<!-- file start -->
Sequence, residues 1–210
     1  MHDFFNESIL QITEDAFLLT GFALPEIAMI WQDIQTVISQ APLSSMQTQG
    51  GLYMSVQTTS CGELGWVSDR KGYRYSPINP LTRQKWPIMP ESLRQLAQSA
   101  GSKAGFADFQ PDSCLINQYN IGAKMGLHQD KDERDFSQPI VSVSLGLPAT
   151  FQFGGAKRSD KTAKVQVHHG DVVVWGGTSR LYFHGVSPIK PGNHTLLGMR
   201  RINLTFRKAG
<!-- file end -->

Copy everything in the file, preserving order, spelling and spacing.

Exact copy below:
Sequence, residues 1–210
     1  MHDFFNESIL QITEDAFLLT GFALPEIAMI WQDIQTVISQ APLSSMQTQG
    51  GLYMSVQTTS CGELGWVSDR KGYRYSPINP LTRQKWPIMP ESLRQLAQSA
   101  GSKAGFADFQ PDSCLINQYN IGAKMGLHQD KDERDFSQPI VSVSLGLPAT
   151  FQFGGAKRSD KTAKVQVHHG DVVVWGGTSR LYFHGVSPIK PGNHTLLGMR
   201  RINLTFRKAG